The RoVing Naturalist
By Dennis Prichard
Almost every RV I see has a hummingbird feeder around it somewhere. These feisty creatures are a load of fun to watch, but their statistics are even more fascinating.
You know that their wings beat fast, but how fast? About 70 times each SECOND! That’s faster than our eyes can focus on. This is the only bird that can hover, go backwards, fly upside down, all in the blink of an eye (or faster!). The feathers on the wings can be turned in just the right way to make that seemingly impossible maneuver at the exact time it needs to. Many flowers on which they feed hang so as to allow only those pollinators that can reach the nectar, and the pollen, to complete the reproduction of the plant, and a hovering hummer fits the bill (pun intended).
There are 338 species in the world, all in the Western Hemisphere. Naturally, more species are found in the tropics because of the variety and abundance of nectar-producing flowers there. The United States boast only about 25 species, and most of them are in the West. If you see one east of the Mississippi River, it’s a good bet that it’s a Ruby-throated hummer. It’s the most common one there. But the desert Southwest and Rocky Mountains host a plethora of kinds, the Rufous being widespread and abundant. Canada and even Alaska hold plenty of hummers in season, and some birds over-winter on the chilly Pacific coast.
From sea level to over 17,000 feet in the South American Andes, these little guys get around. In migration they can fly nonstop over the Gulf of Mexico. This requires them to put on fat to fuel them across this expanse. They weigh twice the normal weight before starting their journey, and are emaciated when they finally land. Metabolism rates are the highest of any vertebrate. That keeps the wings flapping, and the heart rates have been measured at 80 beats per second, or about 1260 a minute! And to help with this oxygen intake, they breathe about 250 times each minute.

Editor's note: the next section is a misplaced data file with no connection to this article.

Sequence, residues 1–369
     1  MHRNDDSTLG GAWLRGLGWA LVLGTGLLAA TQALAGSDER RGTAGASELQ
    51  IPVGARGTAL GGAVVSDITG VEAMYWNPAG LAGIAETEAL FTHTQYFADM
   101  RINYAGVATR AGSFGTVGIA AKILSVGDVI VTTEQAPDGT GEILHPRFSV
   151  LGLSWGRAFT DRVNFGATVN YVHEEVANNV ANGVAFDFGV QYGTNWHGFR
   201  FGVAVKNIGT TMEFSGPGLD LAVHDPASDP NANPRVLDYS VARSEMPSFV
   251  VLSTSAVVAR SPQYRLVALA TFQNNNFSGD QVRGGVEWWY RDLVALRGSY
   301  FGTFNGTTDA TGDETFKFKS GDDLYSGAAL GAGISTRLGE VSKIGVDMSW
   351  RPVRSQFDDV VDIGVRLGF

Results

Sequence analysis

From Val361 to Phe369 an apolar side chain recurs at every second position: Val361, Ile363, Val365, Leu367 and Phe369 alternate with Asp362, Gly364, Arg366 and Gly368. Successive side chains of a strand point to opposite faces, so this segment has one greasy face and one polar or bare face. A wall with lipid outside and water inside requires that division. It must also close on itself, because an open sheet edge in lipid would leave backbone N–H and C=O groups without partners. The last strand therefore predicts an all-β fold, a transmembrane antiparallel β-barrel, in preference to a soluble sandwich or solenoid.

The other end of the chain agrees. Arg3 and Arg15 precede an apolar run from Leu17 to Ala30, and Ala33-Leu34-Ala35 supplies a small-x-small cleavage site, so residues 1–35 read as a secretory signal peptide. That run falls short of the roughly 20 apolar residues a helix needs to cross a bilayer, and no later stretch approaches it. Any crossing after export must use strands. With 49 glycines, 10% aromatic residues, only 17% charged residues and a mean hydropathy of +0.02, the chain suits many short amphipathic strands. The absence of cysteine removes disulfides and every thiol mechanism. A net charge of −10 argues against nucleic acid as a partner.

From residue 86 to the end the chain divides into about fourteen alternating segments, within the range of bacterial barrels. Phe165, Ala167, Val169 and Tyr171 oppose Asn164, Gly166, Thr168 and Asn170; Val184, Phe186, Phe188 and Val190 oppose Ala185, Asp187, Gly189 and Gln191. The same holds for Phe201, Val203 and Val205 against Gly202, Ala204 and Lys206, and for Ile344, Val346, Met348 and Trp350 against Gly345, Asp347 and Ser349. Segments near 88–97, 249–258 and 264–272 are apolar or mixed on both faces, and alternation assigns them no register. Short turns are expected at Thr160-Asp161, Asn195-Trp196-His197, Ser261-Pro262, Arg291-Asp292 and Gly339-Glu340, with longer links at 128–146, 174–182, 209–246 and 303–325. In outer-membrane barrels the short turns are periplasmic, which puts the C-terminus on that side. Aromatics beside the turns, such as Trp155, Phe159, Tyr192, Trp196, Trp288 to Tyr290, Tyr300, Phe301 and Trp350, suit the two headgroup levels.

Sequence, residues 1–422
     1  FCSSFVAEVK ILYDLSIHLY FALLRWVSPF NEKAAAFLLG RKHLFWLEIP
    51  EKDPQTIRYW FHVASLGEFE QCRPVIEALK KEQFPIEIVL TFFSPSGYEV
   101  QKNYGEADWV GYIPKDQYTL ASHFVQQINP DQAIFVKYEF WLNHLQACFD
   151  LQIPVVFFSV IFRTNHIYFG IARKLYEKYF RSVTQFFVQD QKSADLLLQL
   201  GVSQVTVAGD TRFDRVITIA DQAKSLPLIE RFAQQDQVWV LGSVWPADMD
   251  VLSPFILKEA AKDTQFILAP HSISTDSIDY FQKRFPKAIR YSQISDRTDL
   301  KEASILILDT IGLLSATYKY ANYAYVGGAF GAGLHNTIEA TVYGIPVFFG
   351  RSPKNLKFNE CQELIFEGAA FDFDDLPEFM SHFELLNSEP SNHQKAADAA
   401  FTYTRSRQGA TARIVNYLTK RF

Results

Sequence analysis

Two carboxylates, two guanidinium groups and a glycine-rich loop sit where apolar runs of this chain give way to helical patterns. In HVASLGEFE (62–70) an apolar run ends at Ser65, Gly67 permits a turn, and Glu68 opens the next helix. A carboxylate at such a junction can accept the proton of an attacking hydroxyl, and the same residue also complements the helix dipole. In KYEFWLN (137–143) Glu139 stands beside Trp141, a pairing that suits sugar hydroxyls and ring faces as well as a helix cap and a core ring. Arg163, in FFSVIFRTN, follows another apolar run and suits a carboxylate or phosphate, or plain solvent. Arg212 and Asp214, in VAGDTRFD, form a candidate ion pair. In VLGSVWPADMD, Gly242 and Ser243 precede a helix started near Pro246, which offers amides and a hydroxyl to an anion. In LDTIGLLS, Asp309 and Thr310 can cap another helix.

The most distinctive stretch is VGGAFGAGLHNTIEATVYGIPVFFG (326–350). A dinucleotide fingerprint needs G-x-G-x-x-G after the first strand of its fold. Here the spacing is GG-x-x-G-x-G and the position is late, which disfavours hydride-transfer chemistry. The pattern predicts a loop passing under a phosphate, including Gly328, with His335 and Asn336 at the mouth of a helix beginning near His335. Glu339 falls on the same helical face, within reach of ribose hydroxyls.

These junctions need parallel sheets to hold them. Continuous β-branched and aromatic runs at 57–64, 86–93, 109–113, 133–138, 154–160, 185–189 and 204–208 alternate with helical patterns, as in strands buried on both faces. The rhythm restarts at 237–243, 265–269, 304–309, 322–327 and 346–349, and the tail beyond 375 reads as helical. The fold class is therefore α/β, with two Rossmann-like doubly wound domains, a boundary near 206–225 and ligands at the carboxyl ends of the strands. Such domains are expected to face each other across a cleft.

Special organ functions are adapted to make this all possible. Kidneys are especially modified to take in all the liquids and process them into energy. Muscles need to burn this energy faster than ours without cramping up.
So how does a hummingbird keep from starving in the middle of the night? It’s called torpor, or a deep sleep akin to hibernation. Metabolism slows to 1/15th of normal daytime activity. Breathing slows, heart rate drops too, and the body temperature plummets from 40 degrees Centigrade to 18 degrees. For a warm-blooded animal, this would be lethal. Not to the amazing hummingbird.
Their activities at the feeder seem almost violent. If they find a good food source like your feeder, they will defend it vigorously. And don’t waste time with food coloring in your nectar mix. It doesn’t help attract hummers. Just dilute one part sugar to four parts water. They will find it in no time. If you are stationary, leave the feeders up until the last hummers have migrated in the fall. They need the energy!
This is not their primary source of protein though. They eat tiny bugs such as gnats and mosquitoes, sometimes picking them out of spider’s webs for an easy meal. Fast food! They use the spider silk for their nest material too, as it stretches with the growth of the babies. Usually festooned with lichens or other local leaves, the nest is hard to see with this natural camouflage.
For the most variety and numbers of hummers, travel to the tropics where more than 180 different species can be seen in places like Colombia. With names like Booted racket-tail, Magnificent and Emerald, one can see why hummingbirds are brilliant!
Dennis Prichard is a retired park ranger. He’s worked and studied wildlife at many National Parks and Wildlife Refuges including Carlsbad Caverns, Mammoth Caves, the Everglades, Sequoyah NWR in Oklahoma, Sevilleta NWR in New Mexico, and Isle Royale National Park, to name a few. He travels in a fifth wheel with his wife and dog, a Labrador named Cricket.